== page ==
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Iron Monkey (1993)

Iron Monkey (1993)

I guess the Wong Fei-Hung legend started right here. :) Even if he's all too young to be the main character. Instead it's Wong Fei-Hong, and the infamous Iron Monkey, robbing officials of their goods and giving the gold to the poor - an oldskool Robin Hood with Kung-Fu know-how.

There's fights, there are colorful personalities, and a charming set of main characters in particular not least thanks to Jean Wang as Miss Orchid. Wong Fei-Hung was also voiced by Brianne Brozey! Who knew they had such an international cast already with this one...

In the fights some moves are a little over the top, sometimes you can sense the wires by how they float/move, but overall this definitely feels like one of the most polished Kung-Fu movies of the time; a bit like a precursor to more iconic modern titles like Crouching Tiger, Hidden Dragon what with the style and all.

It's not the most authentic but it's flashy in a good kind of way, and traditional too. I'm not a huge fan of the new ones but I love this. Movies like this. That start well, and end well, and star both an all-star cast and choreography and have a more traditional milieu that takes you away a while. Feels like you learn something each time you see one and it leaves you (or me at least) somewhat emotional. Even if real men don't shed tears. They shed blood..

 rated 4.5/5: almost awesome

Drunken Tai Chi (1984)

Drunken Tai Chi (1984)

They really should've worked on timing the endings better with these, but up till the final moment at least this was a top-notch flick. Donnie Yen in his prime. Tai Chi boxing. Old master Cheung-Yan Yuen. Shun-Yee Yuen as the villainous Killer Bird. Best fireworks fight I've seen so far, a bike fight that rivals the Jackie Chan stuff in Project A, some bad-ass puppetry and mime-type breakdancing ahead of its time, and whatever happened to the fat Tai Chi lady? She was really good too. Played by Lydia Shum for reference.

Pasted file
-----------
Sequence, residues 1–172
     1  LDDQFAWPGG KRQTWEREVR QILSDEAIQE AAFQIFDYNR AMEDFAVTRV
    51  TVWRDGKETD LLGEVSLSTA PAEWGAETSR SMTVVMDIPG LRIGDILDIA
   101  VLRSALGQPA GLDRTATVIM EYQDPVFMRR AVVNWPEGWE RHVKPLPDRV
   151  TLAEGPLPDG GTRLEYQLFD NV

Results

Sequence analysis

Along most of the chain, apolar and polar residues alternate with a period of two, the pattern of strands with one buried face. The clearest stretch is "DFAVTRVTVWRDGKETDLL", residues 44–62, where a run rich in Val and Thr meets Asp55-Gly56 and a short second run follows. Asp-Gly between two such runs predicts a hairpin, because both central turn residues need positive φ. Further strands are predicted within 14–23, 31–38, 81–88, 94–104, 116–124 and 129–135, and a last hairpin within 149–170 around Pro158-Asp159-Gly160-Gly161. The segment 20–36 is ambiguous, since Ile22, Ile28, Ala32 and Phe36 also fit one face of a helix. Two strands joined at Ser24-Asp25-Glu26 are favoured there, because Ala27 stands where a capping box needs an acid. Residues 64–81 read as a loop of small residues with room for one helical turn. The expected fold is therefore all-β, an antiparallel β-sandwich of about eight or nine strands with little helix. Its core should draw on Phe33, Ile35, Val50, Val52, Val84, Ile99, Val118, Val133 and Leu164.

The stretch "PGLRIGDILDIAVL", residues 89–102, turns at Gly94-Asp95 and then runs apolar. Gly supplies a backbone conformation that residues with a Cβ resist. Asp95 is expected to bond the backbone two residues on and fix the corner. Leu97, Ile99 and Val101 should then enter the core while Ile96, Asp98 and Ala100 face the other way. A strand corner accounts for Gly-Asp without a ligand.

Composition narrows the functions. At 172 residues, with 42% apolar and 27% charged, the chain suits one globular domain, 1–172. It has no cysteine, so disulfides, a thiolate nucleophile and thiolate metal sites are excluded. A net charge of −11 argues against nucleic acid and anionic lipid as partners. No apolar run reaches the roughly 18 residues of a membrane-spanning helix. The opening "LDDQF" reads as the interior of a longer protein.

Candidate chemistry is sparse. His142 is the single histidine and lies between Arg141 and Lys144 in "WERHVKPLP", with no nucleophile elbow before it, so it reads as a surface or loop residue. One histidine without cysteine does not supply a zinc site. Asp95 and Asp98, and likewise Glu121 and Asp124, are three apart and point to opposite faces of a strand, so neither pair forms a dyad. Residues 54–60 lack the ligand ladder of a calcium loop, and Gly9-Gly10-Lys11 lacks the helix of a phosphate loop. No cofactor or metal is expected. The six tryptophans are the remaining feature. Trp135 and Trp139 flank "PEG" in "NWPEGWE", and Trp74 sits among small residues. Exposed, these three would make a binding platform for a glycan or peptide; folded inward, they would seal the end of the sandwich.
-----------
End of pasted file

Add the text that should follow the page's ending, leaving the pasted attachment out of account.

Unfortunately there are loose ends, but the pacing's great, the tale of family and vengeance doesn't feel as cliche here as it does in some of these movies, and uplifting and more serious moments take turns throughout. Good balance. It might seem a little unnaturally crude and finite sometimes, but such is life right? In a way it feels like we've been distanced from the essentials.

Drunken Boxing might be the one people will remember of these two, but this one's definitely worth coming back to too. Another Kung Fu classic. Only here it's: Tai Chi.

 rated 4/5: fo shizzle

The Lost Bladesman (2011)

The Lost Bladesman (2011)

Donnie Yen's the Bladesman. The kind sheep in a land of wolves, in a time of war and slaughter.

The story's that of the legendary Guan Yu, as he travels to reunite with Lieu Bei, slaying generals along the way.

He apparently played a major role in the civil war that led to the collapse of Han Dynasty and the establishment of Shu Han of the 3 Kingdoms, making Liu Bei its first emperor... though going by this movie it seems more like Cao Cao would've been the one. Or for a while not been one at all - betrayed by those who serve him as he was.

Wen Jiang's great as the latter though, and so is Donnie Yen, and the girl too. Everyone's great really. There's just a little too much intrigue for me to follow, or maybe a bad translation, since I can't seem to keep up with all the events that transpire throughout the film.

It looks great though, and is enacted ditto. It plays great. The fights are great. And of course - being the type of movie it is - it's not without those sadder moments, and they are sad.

It's a great movie in all regards, in that it's somewhat historical too, I'm just a little disappointed I didn't follow the plot entirely through the movie itself. Had to read up after.

 rated 4/5: fo shizzle

Legend Of The Wolf (1997)

Legend Of The Wolf (1997)

If you thought this had anything to do with wolves you've been duped! But it does have to do with Donnie Yen, who as Fung Man-Hin has lost his memory, and tells a tale of his past through his present self, with the help of an old friend - of a time of love and tragedy and a fight he could never win...